I was much more intrigued about this match on paper than I was when it happened in living color. Not to say it was horrible, but it was the most deflating match of the night. On a super well put together card, that isn’t a big diss. This told the story of Davey Boy and War Machine having to co-exist together, as the original match on the PPV was to be War Machine vs. Killer Elite Squad (Davey Boy and the injured Lance Archer). Bully Ray was out to generic everything and proceeded to cut a few sentence promo before jumping the others with Briscoes. The match itself wasn’t memorable at all, but a few things stood out. Davey Boy remains underrated, The Briscoes make the best out of any situation they’re put in, and the dynamic of them with Bully isn’t far off from what they want it to be. Them being told to get the tables seems natural. After a trio 3D on Rowe, Bully Briscoes pick up the win. Minor spoilers: They go on to challenge for the Six Man Tag Titles on ROH TV. Post-match Davey Boy nearly brawls with War Machine but is broken up by ill-mannered security. The security were destroyed, including a poor lad that was choked onto the apron.

The Hardys (Brother Nero & Matt Hardy) (c) vs. Roppongi Vice (Beretta & Rocky Romero) vs. The Young Bucks (Matt Jackson & Nick Jackson)

The Hardys entrance saw them teleport to the ring in the dark. Instead of outright saying “DELETE”, they just chopped the others as the crowd did it for them. You want a spotfest? You’ve got one. Once The Hardys were added to the match that was originally set to be just Young Bucks vs. RPG Vice, the gimmick stayed the same as a Las Vegas Street Fight. The match did everything it set out to accomplish, and even more. The focus was on The Bucks and Hardys interactions leading up to their Supercard of Honor title match, but RPG Vice were not to be looked over. They were inserted into the dare-devil roles in the match. Rocky Romero pulled out a thumbtack-laden sleeve and Trent, being his usual NUTTY self, took multiple bumps including: falling on thumbtacks, being superkicked with thumbtacks in his mouth, and being swanton’d by Jeff Hardy through a faulty table. It was a ball as expected, with nothing being a letdown. Everybody played their roles down pat to create a dynamic not far off from last fall’s Ladder War or other popular TLC car-crash matches. The Hardys were protected without feeling not involved. The Young Bucks thrived like they always do. RPG Vice made the match as the workhorses. Together created a memorable match that also served as The Hardys return to ROH and leaving more to be between the two teams that’ll face at Supercard of Honor. As aforementioned, Jeff pinned Beretta after a swanton to keep the titles.

ROH World Championship: Adam Cole (c) vs. Christopher Daniels

On paper this is a mild match. When you add in the pomp and circumstance, plus production and the promos, you truly DO have a main event. I cannot articulate how well done the promos were in preparation for this. Daniels came across as a man who’s time is nearly all but ran out. He is broken to the point where he refuses to accept a loss in the case that happens. He presented this as a MUST win, weeping while miserably pondering his position in his career in correlation to the Daniels of 1993. Cole was the young cocky “best champ in ROH ever” like he always is, but it stings more in this case, as he’s partly a mirror image of Daniels, except more successful than Daniels was early on. In his ring intro, Daniels was presented as a founding father of Ring of Honor. That played into the story. The current greatest of all time (in presentation sense) had a one-up on the founding father to never win the belt nearly the entire time. Daniels was busted up a mere few minutes into the match. It was a long climb to the top, and this was the last title shot he’d ever get. His last one was six years prior. Post trash-talk work over came tremendous story telling. Cole used Angel’s Wings for a near fall, Daniels used Last Shot for a near fall, then Daniels pulled out a Styles Clash for a huge pop. Biting on the near fall, Cole kicked out at 2.9. Then shortly after came the ROH PPV main event ref bump. Sinclair was down due to contact in the corner followed by a superkick. Kazarian was out in his Bullet Club attire. The belt was in the ring and belonged to Bullet Club…in the moment. Daniels ducked an assisted shot which led to awkwardness commencing. Kazarian ripped his Bullet Club shirt off behind Cole’s back, revealing the “Destiny 3/10/17” shirt Daniels had been wearing prior to the match. The distraction made Cole so loopy that he walked into three Best Moonsaults Ever. We have a new Ring of Honor World Champion! A founding father finally gets his due to end the show.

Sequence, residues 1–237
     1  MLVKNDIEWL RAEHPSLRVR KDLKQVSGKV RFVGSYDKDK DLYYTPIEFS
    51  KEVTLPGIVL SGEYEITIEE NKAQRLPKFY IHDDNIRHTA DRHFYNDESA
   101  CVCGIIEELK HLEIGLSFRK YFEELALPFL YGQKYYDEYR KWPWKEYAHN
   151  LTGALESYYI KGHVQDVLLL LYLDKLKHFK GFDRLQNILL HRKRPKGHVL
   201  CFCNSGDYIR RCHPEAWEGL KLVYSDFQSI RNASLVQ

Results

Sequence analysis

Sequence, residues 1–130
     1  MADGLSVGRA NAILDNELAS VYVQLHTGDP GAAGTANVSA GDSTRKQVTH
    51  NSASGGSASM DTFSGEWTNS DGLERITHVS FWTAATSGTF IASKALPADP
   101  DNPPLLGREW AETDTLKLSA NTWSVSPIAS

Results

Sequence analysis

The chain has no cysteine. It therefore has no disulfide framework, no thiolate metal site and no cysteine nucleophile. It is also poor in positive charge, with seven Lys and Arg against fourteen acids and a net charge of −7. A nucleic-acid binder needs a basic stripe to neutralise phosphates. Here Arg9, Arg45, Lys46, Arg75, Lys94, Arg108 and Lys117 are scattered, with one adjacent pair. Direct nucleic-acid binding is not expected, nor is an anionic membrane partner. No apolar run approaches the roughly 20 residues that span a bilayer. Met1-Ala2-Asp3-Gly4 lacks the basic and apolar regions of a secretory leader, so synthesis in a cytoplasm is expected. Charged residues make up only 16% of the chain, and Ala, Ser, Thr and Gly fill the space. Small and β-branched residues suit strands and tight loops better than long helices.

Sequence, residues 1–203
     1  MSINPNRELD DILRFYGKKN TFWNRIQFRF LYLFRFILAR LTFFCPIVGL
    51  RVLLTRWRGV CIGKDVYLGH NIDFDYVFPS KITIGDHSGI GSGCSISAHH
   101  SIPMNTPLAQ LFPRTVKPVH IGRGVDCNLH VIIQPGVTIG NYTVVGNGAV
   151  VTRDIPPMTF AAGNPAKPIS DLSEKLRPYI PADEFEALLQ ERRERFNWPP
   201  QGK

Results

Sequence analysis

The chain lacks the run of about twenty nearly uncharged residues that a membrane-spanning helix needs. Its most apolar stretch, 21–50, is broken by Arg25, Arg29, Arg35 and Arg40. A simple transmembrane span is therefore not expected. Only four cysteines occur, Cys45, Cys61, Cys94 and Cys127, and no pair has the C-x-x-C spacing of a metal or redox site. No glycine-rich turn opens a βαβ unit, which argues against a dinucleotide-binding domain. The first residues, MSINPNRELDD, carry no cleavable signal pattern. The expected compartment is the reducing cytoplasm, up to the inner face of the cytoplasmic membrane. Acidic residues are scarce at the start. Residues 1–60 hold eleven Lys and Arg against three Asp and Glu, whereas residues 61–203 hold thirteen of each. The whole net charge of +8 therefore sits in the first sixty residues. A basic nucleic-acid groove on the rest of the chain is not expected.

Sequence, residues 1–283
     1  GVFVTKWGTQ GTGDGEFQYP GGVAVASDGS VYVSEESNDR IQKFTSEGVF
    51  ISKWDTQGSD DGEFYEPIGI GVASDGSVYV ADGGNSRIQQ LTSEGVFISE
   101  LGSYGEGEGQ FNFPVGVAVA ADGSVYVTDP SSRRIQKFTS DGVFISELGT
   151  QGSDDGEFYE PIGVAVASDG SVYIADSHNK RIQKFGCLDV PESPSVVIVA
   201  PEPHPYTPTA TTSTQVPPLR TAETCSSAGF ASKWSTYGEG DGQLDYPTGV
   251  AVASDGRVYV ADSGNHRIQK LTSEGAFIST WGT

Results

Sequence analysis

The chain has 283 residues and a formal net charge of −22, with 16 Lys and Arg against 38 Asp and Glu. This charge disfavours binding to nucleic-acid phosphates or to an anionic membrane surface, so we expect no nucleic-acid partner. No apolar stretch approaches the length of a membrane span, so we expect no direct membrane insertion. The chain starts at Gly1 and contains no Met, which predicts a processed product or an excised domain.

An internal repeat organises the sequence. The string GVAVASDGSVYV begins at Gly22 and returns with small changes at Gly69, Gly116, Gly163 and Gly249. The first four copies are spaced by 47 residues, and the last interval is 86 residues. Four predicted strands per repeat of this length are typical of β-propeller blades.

Post-match saw the celebration continue with Cary Silkin presenting Daniels not just his new title, but the original ROH Championship in a fantastic touch. A load of the roster were ringside, eventually spilling into the ring. It was only fitting for The Briscoes to hoist Daniels on their shoulders. A new era is here, with a founding father as the foundation. Seems all too familiar to another “reborn” product. Except this one was the least promising and came through. Things are looking nice for ROH. Although cautious, I’m going to have to pay close attention in the coming while. Might as well keep reviewing, you know, for old times sake.

ROH 15TH ANNIVERSARY SHOW ON MARCH 10, 2017
  • Excellent - 8.5/10
    8.5/10

OVERALL

I slept on ROH's 15th Anniversary Show HARD. The end product ended up being wonderful top to bottom. The only "meh" matches were the six man tags, with one being derailed due to a terrible injury, and the other still serving its role as fine-fun. We got legitimately great matches in Fish vs. Lethal and Scurll vs. Rush, with a clinic spotfest, and an impressive main event that managed to combine a lot of elements, like this show did, to provide an excellent end-game. Shoutout to Ian Riccaboni as the new full-time anchor of ROH commentary, as well as Kevin Kelly and Colt Cabana for holding the audio fort down well. Also, god bless you production people who work on the titantrons. There's potential in every area of the ROH product right now. (After all, they do still use Bull James).

8.5/10